This is muscular and modern jazz that skirts round the edges of jazz, prog, improv and classical, with added tubular bells. There’s some fearsome sax playing, too.
Writing on his website, Neset says tubular bells were the idea for the album, and it opens with them sounding like distant church bells. It’s not so much the bells as the circle they form: Neset was playing the same note in octaves, and moved the notes, ending up with a circle of two notes that would meet again. This pattern influenced the songs.
Opener Satellite is 10 minutes long and goes from the bells to Pat Methany-style wildness before developing a more reflective, almost Chinese sound.
Star is similar, 10 minutes long and opening with tubular bells, though with a livelier start with some rapid flute playing as it heads off into improv meets world / prog / jazz. Impressive.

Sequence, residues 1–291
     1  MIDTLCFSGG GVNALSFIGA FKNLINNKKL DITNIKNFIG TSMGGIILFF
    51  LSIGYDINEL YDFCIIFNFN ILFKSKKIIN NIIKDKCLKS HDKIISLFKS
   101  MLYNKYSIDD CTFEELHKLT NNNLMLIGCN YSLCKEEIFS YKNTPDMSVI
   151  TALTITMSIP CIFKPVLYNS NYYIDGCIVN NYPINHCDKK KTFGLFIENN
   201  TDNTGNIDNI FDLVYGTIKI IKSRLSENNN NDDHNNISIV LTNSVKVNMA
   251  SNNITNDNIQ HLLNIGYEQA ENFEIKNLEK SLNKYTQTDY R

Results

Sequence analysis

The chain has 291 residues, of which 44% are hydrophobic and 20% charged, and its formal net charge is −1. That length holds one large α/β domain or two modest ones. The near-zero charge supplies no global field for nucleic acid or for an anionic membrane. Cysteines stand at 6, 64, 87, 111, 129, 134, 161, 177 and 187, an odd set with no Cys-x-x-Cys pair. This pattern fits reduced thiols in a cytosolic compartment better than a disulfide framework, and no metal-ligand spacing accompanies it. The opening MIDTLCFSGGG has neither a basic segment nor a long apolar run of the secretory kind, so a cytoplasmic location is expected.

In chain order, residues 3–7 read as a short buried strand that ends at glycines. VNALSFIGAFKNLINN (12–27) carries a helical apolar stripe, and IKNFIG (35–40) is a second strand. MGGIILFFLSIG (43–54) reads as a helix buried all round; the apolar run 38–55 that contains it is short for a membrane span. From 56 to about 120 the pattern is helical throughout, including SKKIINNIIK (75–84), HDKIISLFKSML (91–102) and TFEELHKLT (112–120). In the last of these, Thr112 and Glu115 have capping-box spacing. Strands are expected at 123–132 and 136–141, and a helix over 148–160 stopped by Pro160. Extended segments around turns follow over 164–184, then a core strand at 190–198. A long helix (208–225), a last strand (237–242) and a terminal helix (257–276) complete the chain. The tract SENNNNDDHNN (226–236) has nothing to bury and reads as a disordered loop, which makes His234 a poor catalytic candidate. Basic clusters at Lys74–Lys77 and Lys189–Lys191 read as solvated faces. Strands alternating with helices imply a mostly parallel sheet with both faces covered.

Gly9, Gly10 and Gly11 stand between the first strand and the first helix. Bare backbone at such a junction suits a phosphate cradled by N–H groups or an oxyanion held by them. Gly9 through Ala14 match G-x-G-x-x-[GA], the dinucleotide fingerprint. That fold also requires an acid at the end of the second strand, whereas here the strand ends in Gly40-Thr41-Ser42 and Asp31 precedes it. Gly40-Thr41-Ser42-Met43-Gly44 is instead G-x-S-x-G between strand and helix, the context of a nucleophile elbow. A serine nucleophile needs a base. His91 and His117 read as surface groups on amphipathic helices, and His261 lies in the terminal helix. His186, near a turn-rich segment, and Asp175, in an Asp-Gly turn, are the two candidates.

A New Resolution is more consistently jazz, with a fine piano solo, while Introduction to Prague is more mellow, with Eastern European-flavoured cello at the start, giving way to gentle and lyrical sax.
Sirens of Cologne opens rapidly with scat and a funky sound before becoming a mix of world and jazz.
The musicians are all top class: pianist Ivo Neame, percussionist Jim Hart, drummer Anton Eger and double bassist Petter Eldh, as well as guitarist Lionel Loueke, his sister, flautist Ingrid Neset, and cellist Andreas Brantelid.
Out on ACT 9038-2.